It's a tough town, LA -- cynical, pitiless, its vulture-like eyes always fixed on the bottom line with the dollar sign. Its appetite is insatiable, and each day it attracts more busloads of weirdos, wingnuts, and wannabes to its rocky, blood-stained lair, its floors strewn with the bones of those who have come before.

What a convenient metaphor!
Ed Wood was one of those unlucky wayfarers who made the pilgrimage to the ironically-named City of Angels. Being of solid East Coast stock and fortified by a stint in the Marines during WWII, Ed managed to last longer than most. LA chiseled away at Ed for thirty years until he was quite literally a pile of dust and nothing more. In 1978, his cremated remains were deposited into the very same Pacific Ocean where his gallantry in action had once earned him the Silver Star and the Purple Heart. (Perhaps a particle or two of Ed managed to return to the shore of the atoll where he'd fought long ago.)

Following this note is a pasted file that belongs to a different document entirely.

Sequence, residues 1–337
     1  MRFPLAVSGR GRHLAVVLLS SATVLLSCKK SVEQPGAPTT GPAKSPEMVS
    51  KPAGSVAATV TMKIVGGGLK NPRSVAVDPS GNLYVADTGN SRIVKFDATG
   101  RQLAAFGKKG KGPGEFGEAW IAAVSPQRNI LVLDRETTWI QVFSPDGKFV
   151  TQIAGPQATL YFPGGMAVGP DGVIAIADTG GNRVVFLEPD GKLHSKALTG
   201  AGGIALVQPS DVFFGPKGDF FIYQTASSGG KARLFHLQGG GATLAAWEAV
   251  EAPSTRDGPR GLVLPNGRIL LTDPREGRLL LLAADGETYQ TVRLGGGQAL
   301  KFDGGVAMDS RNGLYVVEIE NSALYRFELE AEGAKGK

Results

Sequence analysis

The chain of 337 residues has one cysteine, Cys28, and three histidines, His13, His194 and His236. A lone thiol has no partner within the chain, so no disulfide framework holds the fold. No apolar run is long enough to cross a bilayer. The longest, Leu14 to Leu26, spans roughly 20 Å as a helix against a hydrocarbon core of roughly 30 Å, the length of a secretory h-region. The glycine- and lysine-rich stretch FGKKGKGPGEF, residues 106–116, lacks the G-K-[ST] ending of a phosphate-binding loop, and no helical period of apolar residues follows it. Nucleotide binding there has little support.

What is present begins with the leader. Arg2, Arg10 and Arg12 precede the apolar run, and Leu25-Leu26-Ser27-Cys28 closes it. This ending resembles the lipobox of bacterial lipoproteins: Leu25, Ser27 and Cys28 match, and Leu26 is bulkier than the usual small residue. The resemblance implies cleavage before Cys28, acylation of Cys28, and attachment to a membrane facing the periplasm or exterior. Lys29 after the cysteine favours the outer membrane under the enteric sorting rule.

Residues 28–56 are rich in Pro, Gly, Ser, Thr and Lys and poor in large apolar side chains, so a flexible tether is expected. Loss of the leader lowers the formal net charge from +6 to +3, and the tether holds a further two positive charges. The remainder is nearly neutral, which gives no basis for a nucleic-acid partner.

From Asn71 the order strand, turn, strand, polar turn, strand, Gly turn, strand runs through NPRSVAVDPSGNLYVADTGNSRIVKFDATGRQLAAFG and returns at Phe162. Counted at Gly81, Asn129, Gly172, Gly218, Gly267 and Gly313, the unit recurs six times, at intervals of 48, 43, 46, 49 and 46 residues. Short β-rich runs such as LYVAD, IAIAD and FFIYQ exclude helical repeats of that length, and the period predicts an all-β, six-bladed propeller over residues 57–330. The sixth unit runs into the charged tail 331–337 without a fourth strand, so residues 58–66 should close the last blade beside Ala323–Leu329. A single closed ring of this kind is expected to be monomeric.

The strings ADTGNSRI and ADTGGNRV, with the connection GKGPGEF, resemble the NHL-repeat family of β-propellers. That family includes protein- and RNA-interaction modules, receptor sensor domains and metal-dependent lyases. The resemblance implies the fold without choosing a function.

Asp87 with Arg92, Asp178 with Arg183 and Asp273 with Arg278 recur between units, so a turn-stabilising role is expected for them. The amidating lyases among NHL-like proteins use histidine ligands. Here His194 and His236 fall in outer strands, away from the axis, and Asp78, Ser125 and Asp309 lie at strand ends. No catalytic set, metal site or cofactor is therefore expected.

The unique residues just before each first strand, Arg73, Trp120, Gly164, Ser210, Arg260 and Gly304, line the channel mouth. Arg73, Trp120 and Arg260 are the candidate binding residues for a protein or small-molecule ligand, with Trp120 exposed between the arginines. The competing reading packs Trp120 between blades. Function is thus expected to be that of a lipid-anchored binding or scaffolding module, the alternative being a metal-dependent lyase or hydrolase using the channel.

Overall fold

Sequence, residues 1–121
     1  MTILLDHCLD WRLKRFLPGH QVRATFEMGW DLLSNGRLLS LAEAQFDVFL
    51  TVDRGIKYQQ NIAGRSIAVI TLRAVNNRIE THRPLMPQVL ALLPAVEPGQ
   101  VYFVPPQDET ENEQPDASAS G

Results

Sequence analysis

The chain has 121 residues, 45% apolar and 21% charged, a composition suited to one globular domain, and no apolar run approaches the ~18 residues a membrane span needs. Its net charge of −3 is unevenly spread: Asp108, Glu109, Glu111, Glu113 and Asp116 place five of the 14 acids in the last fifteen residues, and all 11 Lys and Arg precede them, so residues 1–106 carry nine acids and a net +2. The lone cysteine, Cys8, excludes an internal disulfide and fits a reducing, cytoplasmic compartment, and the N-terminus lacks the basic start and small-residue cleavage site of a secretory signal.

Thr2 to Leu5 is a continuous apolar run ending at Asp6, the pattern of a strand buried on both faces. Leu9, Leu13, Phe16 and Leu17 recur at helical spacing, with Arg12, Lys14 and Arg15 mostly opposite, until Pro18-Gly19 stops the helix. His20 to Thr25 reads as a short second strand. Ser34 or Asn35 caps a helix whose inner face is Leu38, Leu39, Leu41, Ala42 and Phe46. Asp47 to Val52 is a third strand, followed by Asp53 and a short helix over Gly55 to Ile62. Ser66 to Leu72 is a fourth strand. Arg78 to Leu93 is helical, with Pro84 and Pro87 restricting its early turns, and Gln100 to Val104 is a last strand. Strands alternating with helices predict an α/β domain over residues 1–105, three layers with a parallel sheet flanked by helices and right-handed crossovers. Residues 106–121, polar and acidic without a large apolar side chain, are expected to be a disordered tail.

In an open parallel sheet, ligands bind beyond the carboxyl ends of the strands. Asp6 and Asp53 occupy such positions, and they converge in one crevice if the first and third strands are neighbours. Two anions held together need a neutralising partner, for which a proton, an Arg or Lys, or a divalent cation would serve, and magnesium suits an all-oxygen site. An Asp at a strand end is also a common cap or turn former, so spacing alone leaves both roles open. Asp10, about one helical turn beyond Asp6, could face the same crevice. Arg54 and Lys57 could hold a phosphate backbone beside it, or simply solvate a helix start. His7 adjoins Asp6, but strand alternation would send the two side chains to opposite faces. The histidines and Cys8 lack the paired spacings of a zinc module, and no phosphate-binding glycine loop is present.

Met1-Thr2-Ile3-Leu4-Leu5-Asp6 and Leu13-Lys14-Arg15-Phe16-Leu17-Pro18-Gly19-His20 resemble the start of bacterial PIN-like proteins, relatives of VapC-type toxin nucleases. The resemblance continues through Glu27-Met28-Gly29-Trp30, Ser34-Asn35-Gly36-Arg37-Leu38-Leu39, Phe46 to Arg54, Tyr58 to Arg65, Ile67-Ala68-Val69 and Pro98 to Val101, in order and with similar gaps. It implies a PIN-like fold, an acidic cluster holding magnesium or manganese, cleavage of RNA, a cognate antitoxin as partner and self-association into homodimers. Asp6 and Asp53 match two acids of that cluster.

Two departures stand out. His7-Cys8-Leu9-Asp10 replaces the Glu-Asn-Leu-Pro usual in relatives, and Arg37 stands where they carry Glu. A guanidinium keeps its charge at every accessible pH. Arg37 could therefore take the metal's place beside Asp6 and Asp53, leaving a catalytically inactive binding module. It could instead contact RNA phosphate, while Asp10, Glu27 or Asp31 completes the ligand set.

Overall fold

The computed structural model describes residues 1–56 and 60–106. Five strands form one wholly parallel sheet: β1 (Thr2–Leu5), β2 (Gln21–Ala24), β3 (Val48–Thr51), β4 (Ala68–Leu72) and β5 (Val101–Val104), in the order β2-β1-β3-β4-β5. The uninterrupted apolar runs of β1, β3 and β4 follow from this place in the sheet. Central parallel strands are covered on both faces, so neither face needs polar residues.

Wood was hardly the first to be defeated by the town... and far from the last. An infamous horror film called The Corpse Grinders (1970), directed by Ed Wood's one-time cohort Ted V. Mikels, gives us the perfect metaphor for the entertainment business: a fearsome machine that grinds up human bodies at one end and spits out cat food at the other. I guess we in the audience are the cats (i.e. consumers) in that analogy.